How many fans remember when once we watched the critical moments of a game in “hushed silence”?   With victory or defeat hanging in the balance you could hear the proverbial pin drop.  Was that ever really true?  Probably not (except in popular melodrama).  Still, who doubts we have grown noisier over the years, not so much the individual heckler, but the crowds in general.  (And it’s not simply because new stadiums and arenas hold that many more of us.)  Noise has become a good part of the home field advantage today.  (To win, visiting teams recognize they must take the noisy “home crowd” out of the game.  For this nothing works better than jumping out to an early lead.)

Nowadays every player knows he must perform before fans eager to distract him and get in on the action.  Watch the quarterback retreat from the line of scrimmage frustrated because his signals are being drowned out by the screaming crowd.  (Years ago the Denver Broncos prepared for the din at the Seattle Superdome by reproducing loud crowd noises at their practice sessions.)  How many foul shooters have peered out at the basket and seen only a sea of frenzied rooters waving their arms about wildly and shouting hysterically, all in a deliberate effort to break their concentration?  What about pitchers out on the mound, behind in the count, needing desperately to get the ball over the plate?  That’s the occasion for fans to shout and scream, making complete concentration all but impossible.  It’s all part of the game, you say.  The price of admission includes the rites of derision.  Besides, there’s no way to get fans to stop.  (Just let officials try.  Our usual response is to turn up the volume.)

But, wait a minute!  Haven’t we overlooked certain contrary facts?  Don’t certain sports force fans to take vows of silence?  Consider tennis for example.  Whenever there’s the slightest disturbance in the stands what is it that we hear – “Quiet, please,” “Take your seats, please.”  What’s more we listen, submitting meekly to such requests – or else.  Play simply will stop until the players are satisfied there is perfect silence, no distractions.  Expect much the same at a golf tournament.  Talking or movement in the gallery – the players won’t tolerate it.  It’s also true of bowling, gymnastic competition, field events (e.g., pole vault, high jump) and chess, of course.  Silence prevails (although noise and cheering before and after the action has been growing louder.  Certainly you’ve noticed it between points at tennis matches.)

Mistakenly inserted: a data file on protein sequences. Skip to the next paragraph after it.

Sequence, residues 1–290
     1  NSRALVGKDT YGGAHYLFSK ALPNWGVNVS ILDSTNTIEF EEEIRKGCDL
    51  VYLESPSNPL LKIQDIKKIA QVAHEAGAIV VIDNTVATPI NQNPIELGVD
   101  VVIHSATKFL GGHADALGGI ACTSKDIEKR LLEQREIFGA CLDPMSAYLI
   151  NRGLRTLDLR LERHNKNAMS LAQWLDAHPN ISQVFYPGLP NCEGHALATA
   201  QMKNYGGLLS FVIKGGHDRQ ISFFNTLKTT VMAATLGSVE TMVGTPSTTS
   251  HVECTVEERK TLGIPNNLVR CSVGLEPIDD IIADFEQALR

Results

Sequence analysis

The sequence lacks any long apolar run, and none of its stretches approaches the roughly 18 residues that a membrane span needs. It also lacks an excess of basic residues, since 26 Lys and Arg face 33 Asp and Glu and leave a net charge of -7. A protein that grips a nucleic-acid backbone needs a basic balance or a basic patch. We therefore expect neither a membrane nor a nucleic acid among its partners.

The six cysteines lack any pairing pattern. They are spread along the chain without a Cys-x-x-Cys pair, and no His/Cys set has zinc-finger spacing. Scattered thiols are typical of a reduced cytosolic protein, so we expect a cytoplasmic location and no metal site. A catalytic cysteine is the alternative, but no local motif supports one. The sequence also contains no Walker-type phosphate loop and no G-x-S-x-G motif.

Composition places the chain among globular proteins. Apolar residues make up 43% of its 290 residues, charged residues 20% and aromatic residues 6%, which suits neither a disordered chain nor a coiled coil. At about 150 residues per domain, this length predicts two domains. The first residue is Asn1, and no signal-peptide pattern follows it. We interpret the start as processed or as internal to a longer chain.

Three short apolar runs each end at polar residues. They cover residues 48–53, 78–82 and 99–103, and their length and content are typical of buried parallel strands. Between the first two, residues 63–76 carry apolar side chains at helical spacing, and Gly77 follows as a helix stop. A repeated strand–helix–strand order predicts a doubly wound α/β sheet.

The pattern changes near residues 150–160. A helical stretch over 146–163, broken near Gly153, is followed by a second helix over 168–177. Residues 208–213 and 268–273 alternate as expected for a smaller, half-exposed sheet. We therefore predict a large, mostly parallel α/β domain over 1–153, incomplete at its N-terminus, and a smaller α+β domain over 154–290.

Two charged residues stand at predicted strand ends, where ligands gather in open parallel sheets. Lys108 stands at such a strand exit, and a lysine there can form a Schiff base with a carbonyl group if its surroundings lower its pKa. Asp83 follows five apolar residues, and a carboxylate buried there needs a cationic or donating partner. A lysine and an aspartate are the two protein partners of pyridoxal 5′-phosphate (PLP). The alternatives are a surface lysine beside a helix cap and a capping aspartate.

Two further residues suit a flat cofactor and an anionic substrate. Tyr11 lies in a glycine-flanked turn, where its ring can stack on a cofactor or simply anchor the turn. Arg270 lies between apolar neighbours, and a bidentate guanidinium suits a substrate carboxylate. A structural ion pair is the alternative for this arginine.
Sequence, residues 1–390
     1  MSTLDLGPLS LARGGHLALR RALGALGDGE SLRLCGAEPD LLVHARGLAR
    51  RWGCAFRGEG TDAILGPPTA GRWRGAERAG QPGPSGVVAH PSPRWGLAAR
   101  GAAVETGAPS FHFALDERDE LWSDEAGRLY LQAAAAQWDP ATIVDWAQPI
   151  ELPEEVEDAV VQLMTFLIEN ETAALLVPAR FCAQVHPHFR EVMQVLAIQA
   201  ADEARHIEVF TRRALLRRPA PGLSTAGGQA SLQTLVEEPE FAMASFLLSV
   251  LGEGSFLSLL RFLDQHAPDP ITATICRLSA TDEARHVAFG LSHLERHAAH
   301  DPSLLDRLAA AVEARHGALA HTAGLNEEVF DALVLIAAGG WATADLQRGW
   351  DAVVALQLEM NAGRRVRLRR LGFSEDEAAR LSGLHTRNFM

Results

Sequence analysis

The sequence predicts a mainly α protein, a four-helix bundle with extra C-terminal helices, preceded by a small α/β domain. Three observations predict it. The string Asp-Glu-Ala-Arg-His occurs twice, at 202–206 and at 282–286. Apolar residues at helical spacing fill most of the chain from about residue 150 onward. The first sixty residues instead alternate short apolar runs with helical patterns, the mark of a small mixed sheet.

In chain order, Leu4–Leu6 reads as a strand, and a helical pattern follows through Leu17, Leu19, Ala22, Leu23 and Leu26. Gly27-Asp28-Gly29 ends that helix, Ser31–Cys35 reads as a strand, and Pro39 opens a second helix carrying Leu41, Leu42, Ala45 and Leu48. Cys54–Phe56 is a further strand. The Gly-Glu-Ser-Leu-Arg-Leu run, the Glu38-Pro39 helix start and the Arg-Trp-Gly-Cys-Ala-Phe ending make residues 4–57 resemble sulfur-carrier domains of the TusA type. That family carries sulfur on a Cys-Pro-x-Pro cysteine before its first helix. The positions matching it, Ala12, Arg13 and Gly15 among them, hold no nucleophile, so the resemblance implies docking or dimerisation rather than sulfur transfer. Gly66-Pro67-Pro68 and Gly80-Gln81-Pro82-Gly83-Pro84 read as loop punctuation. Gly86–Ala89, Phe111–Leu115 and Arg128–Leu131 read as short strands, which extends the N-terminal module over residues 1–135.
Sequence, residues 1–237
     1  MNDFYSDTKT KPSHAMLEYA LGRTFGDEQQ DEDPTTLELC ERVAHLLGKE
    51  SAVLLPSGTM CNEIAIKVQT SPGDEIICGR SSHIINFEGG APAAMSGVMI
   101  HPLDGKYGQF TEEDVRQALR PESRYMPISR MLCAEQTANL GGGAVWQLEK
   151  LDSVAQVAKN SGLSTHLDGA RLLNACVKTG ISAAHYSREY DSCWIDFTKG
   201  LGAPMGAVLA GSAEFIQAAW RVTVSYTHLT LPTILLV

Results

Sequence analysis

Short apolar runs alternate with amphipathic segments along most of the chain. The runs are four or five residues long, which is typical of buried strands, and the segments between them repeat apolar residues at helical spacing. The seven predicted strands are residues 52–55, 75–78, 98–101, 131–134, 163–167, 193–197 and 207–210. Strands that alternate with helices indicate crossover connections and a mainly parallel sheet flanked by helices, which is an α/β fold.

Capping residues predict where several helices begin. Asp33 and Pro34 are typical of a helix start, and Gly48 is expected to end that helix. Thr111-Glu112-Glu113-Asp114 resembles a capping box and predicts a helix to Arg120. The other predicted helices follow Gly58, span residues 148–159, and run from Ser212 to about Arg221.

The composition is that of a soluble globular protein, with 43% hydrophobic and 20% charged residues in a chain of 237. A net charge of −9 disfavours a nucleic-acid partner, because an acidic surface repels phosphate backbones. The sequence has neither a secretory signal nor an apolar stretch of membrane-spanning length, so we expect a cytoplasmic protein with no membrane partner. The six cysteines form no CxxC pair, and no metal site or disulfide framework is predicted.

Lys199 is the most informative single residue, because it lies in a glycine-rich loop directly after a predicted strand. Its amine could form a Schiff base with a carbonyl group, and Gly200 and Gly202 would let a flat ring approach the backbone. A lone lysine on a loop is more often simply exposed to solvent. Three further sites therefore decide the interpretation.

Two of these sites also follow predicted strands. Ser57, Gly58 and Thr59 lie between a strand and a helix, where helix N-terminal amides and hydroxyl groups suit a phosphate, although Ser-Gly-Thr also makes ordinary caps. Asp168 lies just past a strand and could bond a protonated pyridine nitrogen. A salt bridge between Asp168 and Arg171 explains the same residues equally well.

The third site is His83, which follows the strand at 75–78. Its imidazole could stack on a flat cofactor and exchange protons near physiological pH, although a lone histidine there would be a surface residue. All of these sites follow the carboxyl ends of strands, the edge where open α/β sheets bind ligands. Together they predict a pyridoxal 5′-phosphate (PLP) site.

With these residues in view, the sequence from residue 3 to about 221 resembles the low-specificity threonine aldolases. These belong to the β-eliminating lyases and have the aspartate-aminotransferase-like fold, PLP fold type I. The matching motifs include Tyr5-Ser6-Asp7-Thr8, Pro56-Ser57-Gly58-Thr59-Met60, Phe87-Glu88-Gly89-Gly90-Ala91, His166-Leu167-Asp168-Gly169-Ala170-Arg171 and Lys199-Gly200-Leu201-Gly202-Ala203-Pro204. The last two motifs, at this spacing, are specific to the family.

So how do you explain the differences between demonstrative sports and silent sports?  Why can we sometimes shout?  When must we shut up?  Crowd size?  Tradition?  More forceful officials?  Social class of spectators?  No.  Doesn’t it have more to do with whether the competition involves individuals or teams?  We respect the “rights” of individual competitors (notable exceptions being boxers and wrestlers) but feel free to ignore them and abuse that individual when he becomes a team player, a member of a group.  Want to learn a thing or two about American values?  There are some lessons out there on the playing field.

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